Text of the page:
28 July 2009

Fischer Overestimates His Position

The diagram shows the last position from Fischer - Reshevsky, Match 1961 (Game 5) that I want to examine. White played 33.Rc2, and Fischer noted,

The only way to preserve winning chances. After 33.Rxb6 Rd2+ 34.Kg1 g5 35.hxg5+ {X03} (on 35.Rcc6 gxh4 36.Rxe6+ Kg5 37.Rg6+ Kh5 {X04} 38.Rxh6+ Kg4, Black has enough play on the Kingside to hold the draw; but not 35.a5? gxh4 36.a6 h3 37.a7 h2+ 38.Kh1 Ng3#) 35...hxg5 36.Rcc6 (not 36.a5? g4 37.a6 Ng5 38.a7 Nf3+ 39.Kf1 g3 40.a8=Q g2#) 36...g4 37.Rxe6+ Kg5 {X01} 38.Rh6 f4 keeps the balance {X02}.

The moves marked X0n are points where Kasparov, building on the the analysis of Dvoretsky and Huebner, disagreed with Fischer.

1961 Match (game 5)
Fischer, Robert

Reshevsky, Samuel
(After 32...Re8-d8)
[FEN "3r4/8/Rp2pkpp/5p2/P3n2P/4P3/1P4K1/2R5 w - - 0 33"]

Without repeating all of the analysis, I count four points of disagreement.

  • X01: 37...Kg5 38.Rb5 wins
  • X02: 38...f4 39.Rhg6+ wins
  • X03: 35.hxg5+ Nxg5 is 'more tenacious'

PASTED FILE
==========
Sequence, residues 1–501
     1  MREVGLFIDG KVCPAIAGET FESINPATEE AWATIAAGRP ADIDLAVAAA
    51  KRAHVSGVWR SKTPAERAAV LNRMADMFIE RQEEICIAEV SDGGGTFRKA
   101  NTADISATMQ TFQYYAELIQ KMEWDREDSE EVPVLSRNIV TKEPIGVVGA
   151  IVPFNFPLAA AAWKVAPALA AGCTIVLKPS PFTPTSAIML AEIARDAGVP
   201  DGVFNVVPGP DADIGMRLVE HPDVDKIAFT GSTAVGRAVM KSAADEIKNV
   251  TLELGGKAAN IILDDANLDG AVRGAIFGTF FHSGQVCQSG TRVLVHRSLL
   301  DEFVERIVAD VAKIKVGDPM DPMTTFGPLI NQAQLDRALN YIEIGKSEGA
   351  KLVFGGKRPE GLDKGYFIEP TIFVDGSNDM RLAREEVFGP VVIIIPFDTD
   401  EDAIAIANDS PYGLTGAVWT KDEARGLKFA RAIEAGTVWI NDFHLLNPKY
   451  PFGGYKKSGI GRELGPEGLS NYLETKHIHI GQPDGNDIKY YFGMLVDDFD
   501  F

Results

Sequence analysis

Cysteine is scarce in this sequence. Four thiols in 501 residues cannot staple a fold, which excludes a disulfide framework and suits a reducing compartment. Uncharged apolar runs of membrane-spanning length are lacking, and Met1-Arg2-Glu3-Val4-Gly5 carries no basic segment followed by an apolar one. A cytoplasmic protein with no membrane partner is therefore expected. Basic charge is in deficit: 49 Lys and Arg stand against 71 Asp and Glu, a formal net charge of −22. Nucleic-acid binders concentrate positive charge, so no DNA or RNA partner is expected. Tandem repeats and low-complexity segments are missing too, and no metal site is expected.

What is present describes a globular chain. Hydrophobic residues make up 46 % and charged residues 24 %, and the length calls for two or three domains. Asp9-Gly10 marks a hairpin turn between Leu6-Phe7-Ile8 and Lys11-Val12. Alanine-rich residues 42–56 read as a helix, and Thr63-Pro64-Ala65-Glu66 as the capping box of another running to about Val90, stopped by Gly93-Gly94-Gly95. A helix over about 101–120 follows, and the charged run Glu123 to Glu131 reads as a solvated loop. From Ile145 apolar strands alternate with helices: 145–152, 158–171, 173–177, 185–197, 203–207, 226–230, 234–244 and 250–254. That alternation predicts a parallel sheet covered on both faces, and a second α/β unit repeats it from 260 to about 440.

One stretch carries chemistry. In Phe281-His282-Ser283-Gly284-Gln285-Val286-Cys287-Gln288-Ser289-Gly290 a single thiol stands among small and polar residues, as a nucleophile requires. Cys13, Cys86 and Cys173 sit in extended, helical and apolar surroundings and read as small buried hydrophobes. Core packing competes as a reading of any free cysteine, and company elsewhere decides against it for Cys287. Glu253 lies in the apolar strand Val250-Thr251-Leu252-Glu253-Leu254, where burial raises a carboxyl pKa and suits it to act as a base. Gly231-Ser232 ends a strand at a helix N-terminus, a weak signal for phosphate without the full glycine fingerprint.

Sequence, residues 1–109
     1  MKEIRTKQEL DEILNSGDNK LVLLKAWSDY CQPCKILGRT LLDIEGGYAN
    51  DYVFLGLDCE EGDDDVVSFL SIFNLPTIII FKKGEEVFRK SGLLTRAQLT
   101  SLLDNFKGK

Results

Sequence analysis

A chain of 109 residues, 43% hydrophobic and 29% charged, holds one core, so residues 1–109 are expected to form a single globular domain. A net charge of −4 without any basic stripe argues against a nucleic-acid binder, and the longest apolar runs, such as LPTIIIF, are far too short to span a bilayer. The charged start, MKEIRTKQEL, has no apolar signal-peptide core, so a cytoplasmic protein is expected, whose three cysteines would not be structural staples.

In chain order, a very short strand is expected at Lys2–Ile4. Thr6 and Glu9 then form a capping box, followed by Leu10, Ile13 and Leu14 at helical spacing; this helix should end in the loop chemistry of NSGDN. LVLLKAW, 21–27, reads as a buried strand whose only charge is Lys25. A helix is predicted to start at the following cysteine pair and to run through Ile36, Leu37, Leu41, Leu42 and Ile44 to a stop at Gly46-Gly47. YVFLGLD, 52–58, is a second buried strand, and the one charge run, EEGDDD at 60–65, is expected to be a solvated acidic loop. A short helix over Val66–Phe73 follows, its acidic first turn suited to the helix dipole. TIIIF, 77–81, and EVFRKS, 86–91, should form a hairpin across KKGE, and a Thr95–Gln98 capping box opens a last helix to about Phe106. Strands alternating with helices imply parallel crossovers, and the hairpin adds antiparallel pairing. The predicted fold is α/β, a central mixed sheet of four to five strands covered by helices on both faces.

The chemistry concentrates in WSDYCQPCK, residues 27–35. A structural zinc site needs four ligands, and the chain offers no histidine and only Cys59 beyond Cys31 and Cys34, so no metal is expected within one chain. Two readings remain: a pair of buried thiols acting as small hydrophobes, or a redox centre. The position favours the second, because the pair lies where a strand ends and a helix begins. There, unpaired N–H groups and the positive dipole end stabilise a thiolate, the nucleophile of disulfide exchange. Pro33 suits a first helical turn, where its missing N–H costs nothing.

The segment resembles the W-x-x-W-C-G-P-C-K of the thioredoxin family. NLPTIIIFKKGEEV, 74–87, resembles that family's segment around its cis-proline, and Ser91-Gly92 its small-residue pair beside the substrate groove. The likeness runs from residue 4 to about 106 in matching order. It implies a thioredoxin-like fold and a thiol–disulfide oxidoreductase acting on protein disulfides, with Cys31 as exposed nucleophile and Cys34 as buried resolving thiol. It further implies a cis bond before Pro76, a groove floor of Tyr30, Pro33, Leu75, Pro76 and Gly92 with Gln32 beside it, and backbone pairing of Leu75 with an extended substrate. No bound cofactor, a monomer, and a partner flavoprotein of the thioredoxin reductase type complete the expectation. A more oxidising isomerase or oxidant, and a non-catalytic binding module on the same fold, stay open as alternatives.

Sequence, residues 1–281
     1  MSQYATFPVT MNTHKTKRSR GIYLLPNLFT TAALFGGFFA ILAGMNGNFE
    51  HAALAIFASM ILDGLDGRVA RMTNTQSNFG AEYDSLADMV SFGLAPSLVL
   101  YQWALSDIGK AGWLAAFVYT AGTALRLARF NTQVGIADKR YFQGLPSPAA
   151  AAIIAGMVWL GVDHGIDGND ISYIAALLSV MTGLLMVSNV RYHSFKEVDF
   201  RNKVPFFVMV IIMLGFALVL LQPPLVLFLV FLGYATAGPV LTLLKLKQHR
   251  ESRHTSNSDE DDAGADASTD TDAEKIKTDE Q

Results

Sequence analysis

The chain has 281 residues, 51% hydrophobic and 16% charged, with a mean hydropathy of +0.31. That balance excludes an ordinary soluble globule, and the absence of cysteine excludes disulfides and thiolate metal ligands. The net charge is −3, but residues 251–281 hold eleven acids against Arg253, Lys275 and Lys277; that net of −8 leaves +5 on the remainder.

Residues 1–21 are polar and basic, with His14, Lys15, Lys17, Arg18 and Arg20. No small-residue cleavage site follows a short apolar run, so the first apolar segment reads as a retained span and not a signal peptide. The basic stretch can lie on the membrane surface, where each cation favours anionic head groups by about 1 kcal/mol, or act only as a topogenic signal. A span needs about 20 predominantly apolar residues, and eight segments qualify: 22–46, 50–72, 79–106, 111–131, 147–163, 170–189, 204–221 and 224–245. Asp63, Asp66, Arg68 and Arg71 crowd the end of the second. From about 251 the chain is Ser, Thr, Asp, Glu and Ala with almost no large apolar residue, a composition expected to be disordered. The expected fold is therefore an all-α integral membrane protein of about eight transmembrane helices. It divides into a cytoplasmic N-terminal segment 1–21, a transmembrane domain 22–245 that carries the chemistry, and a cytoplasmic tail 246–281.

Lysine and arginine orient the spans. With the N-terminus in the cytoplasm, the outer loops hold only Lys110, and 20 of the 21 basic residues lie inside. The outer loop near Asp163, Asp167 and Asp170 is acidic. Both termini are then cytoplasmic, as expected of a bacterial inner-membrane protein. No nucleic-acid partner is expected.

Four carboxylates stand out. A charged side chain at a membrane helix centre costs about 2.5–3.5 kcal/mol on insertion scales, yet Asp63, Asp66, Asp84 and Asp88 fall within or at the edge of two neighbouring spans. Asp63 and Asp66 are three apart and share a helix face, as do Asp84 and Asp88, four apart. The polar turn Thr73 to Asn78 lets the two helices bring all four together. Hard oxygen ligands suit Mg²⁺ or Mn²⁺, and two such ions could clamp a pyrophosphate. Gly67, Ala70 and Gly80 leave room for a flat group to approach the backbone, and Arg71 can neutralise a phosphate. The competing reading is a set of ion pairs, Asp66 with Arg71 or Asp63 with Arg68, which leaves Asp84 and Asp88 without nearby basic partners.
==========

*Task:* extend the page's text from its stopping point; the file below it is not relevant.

• X04: 37...Kh5 38.a5 wins

Kasparov wrote,

'I know of no other example in which Fischer commits such a serious error of judgement in a rather clarified position', concludes Dr. Huebner. In my view both this mistake, and the oversight on the 36th move, are very typical of Fischer: he was very content with the course of the game, with the flights of imagination by the two players, and when he annotated the game he did not believe that he had reached a lost position, and did not seek confirmation of this. According to his inner conviction, the logical outcome should have been a draw! Although it must be agreed, in an endgame with an exchange advantage and a passed Pawn it is possible to find a win even without the help of a computer.

It's clear from studying the analysis that Fischer overestimated his counterplay in this endgame.

1 comment:

xplor said...

Fischer saw the truth in this game. Dmitry Plisetsky and Kasparov's super computers only show that some truths cannot be proven.